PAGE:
Learn to do good, seek justice, rebuke the oppressor, defend the fatherless and plead for the widow (17)

In other words, to walk God’s path, to walk in the way of the Cross, you may need to become political not just religious

There is a tendency in the Church, particularly in the Church of England to avoid politics altogether

We have become a sort of national referee

But Christian witness and politics go hand in hand

This relationship is neatly summed up by Archbishop Helder Camara who said

When I give food to the poor they call me a saint. When I ask why the poor have no food, they call me a Communist

In our own local setting, Bolton Abbey provides food for the Foodbank as well as Baby Basics

In doing so we are bearing witness to our faith

However, as well as providing food and other necessities, we also have to ask ourselves why this should occur in the fifth richest economy in the world?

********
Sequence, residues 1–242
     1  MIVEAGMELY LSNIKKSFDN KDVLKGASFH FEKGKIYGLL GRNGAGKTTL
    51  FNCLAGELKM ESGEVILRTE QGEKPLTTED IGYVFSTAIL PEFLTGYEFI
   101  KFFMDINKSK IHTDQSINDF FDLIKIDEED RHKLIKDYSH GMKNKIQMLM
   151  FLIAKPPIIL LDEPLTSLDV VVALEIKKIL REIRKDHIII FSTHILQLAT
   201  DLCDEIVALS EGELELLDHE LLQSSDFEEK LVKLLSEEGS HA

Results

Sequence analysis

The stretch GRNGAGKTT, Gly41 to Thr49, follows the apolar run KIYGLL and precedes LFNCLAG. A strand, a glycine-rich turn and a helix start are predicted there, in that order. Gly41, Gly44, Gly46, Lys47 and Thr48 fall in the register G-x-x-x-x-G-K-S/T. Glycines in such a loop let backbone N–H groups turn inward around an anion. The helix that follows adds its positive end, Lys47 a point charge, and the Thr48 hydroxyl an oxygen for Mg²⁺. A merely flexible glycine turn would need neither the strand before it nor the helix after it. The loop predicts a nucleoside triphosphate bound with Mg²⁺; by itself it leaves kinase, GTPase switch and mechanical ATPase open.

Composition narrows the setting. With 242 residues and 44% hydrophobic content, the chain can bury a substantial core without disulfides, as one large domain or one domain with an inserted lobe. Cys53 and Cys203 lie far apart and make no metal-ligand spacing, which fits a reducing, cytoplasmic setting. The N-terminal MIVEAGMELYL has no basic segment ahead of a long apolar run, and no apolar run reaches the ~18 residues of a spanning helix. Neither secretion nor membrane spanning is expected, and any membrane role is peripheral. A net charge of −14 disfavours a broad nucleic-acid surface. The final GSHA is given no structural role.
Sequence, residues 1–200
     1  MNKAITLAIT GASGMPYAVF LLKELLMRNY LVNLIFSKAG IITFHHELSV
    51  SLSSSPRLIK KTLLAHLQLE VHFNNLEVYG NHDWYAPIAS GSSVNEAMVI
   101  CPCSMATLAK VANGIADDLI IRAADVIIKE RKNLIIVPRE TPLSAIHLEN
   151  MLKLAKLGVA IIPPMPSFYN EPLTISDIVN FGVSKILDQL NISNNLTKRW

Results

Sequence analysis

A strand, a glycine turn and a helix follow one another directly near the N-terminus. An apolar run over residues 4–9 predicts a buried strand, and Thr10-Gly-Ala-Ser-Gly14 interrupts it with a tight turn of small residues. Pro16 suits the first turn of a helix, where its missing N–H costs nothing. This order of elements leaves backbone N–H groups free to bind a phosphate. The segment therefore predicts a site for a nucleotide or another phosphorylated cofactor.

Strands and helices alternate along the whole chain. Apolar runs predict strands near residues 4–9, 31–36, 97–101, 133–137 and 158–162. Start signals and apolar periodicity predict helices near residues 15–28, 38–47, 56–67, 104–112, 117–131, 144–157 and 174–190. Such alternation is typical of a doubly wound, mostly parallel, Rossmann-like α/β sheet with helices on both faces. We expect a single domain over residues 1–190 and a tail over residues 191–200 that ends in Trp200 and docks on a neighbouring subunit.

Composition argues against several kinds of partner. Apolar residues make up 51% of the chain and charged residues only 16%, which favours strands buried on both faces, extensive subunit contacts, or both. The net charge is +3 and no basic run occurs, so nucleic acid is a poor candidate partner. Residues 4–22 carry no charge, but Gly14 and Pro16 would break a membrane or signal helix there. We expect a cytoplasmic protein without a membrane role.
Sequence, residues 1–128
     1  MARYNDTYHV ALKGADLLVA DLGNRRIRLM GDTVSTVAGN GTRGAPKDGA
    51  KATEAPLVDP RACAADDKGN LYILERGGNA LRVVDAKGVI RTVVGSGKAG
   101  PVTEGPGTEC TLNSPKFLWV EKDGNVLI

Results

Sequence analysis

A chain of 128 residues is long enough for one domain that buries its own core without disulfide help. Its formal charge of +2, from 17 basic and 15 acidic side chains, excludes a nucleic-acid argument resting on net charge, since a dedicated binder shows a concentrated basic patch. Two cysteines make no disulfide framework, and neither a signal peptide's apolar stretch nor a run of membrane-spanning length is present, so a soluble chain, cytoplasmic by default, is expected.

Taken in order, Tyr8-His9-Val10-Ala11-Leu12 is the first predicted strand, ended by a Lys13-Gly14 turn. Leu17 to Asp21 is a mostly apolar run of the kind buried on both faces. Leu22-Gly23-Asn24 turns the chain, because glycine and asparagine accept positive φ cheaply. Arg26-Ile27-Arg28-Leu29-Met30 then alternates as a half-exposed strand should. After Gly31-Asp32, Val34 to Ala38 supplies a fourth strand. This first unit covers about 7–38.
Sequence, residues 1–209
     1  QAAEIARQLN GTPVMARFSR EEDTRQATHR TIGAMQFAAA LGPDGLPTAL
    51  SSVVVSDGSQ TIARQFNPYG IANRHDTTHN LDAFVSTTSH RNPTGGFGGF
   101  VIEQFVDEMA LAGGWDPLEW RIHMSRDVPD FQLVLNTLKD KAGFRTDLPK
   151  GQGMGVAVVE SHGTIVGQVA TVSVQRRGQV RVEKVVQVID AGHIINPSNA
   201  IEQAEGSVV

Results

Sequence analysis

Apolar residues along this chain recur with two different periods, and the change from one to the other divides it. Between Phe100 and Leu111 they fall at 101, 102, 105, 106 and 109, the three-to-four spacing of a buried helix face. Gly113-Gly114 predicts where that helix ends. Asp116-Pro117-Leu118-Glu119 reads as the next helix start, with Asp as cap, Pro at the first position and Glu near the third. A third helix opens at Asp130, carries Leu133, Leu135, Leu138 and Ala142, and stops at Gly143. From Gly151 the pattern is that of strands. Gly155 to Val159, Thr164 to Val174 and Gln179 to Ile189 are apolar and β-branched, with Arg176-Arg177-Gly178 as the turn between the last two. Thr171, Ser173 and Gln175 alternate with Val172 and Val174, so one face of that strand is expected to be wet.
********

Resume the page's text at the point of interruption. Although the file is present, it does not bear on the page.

This was examined on the BBC News this week where they looked at food poverty in Yorkshire

It is a complicated issue but includes the cost of housing and the expense of utilities.

These are, by their very nature, political issues

It is our duty, not only to feed the poor but to confront the system which allows this to happen.

As I was saying good bye to the Bishop Helen Anne on Monday, she told me that she had had a most interesting conversation with my son at the reception afterwards

I was obviously pleased as a parent but curious as to what had been said on my first day in post! What secrets had he revealed?

The next day, I inevitably asked my son what he had been discussing with the Bishop

He said that he was interested about her comments in her sermon about discipleship being with people in their journey.

Bravely, he took issue with her definition

He said that Bonhoeffer, whom he was studying at School, had said that discipleship was not just about being with people but about cost

He quoted Bonhoeffer who said

“When Christ calls a man, he bid’st him come and die”

Christian discipleship is more than just about going to Church- it is more than generous giving – it is about confronting injustice at the same time

And confronting injustice often comes at a price  

What is that price?

The clue is in the colour – the cost is potentially our blood

In the name etc

Nicholas